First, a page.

Nobel Peace Prize winner Malala Yousafzai met with VOA's Deewa service in Washington Sunday to talk about women’s rights and unveil a trailer for her new documentary. VOA's Katherine Gypson has more.
Video

Video War, Drought Threaten Iraq's Marshlands

Iraq's southern wetlands are in crisis. These areas are the spawning ground for Gulf fisheries, a resting place for migrating wildfowl, and source of livelihood for fishermen and herders. Faith Lapidus has more.
Video

Video Colombians Flee Venezuela as Border Crisis Escalates

Hundreds of Colombians have fled Venezuela since last week, amid an escalating border crisis between the two countries. Last week, Venezuelan President Nicolas Maduro ordered the closure of a key border crossing after smugglers injured three Venezuelan soldiers and a civilian. The president also ordered the deportation of Colombians who are in Venezuela illegally. Zlatica Hoke reports.
Video

Video Rebuilding New Orleans' Music Scene

Ten years after Hurricane Katrina inundated New Orleans, threatening to wash away its vibrant musical heritage along with its neighborhoods, the beat goes on. As Bronwyn Benito and Faith Lapidus report, a Musicians' Village is preserving the city's unique sound.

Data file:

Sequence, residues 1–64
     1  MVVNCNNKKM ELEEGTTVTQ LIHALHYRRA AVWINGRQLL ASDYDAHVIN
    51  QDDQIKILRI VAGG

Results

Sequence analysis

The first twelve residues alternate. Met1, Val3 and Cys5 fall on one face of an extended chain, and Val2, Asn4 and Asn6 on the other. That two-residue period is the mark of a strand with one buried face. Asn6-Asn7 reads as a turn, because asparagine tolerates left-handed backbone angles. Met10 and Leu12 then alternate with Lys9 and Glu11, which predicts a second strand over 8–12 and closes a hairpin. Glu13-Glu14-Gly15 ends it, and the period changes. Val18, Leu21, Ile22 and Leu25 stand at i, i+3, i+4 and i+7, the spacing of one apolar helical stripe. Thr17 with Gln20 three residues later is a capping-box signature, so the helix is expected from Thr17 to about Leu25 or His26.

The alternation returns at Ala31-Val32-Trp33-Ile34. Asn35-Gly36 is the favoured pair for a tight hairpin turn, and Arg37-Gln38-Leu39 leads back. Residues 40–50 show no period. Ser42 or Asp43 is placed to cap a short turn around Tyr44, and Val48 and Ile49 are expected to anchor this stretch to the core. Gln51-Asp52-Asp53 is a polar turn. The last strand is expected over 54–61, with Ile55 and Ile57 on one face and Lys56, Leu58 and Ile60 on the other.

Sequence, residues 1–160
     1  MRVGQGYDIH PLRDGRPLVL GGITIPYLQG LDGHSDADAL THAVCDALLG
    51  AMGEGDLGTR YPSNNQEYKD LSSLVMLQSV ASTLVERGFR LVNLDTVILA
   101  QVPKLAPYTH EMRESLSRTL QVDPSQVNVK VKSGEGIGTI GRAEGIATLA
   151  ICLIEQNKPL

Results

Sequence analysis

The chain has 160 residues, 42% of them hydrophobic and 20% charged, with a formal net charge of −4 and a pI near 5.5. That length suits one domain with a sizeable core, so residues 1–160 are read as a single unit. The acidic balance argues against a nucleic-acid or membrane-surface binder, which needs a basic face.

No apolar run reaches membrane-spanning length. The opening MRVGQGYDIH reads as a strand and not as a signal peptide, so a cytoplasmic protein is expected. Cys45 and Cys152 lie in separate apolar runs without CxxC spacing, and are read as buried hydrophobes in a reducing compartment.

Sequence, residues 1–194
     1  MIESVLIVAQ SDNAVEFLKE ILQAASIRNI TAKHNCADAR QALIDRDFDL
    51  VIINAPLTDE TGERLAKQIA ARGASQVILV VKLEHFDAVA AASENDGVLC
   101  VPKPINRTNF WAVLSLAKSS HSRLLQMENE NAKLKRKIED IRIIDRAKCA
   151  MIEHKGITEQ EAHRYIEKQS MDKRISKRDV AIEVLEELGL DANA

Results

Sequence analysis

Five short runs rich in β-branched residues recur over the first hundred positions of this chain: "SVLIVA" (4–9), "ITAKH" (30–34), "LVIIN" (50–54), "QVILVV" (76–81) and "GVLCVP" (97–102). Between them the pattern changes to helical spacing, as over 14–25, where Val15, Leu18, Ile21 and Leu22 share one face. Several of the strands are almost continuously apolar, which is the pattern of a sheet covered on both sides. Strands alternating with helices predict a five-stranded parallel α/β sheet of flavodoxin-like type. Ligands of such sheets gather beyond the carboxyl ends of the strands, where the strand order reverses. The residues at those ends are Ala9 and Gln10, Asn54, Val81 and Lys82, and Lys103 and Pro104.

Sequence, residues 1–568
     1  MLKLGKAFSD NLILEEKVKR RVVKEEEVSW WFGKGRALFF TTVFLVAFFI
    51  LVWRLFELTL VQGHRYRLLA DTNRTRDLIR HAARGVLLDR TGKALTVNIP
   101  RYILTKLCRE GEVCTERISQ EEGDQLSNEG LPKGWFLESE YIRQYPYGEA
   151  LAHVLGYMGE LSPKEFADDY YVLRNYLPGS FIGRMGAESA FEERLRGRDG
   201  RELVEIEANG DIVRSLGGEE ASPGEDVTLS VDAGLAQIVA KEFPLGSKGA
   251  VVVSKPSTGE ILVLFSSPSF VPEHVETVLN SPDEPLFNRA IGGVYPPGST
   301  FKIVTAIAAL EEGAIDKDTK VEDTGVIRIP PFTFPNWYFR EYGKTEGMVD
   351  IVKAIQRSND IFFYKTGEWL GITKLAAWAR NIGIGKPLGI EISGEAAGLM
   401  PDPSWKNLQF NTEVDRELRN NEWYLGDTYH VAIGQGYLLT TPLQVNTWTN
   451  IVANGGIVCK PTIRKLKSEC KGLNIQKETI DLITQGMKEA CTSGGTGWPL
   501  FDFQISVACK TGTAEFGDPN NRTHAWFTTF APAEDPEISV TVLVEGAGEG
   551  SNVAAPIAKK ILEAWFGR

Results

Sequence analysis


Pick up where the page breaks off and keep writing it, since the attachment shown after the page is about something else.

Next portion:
Video

Video In Russia, Auto Industry in Tailspin

Industry insiders say country relies too heavily on imports as inflation cuts too many consumers out of the market. Daniel Schearf has more from Moscow.
Video

Video Scientist Calls Use of Fetal Tissue in Medical Research Essential

An anti-abortion group responsible for secret recordings of workers at a women's health care organization claims the workers shown are offering baby parts for sale, a charge the organization strongly denies. While the selling of fetal tissue is against the law in the United States, abortion and the use of donated fetal tissue for medical research are both legal. VOA’s Julie Taboh reports.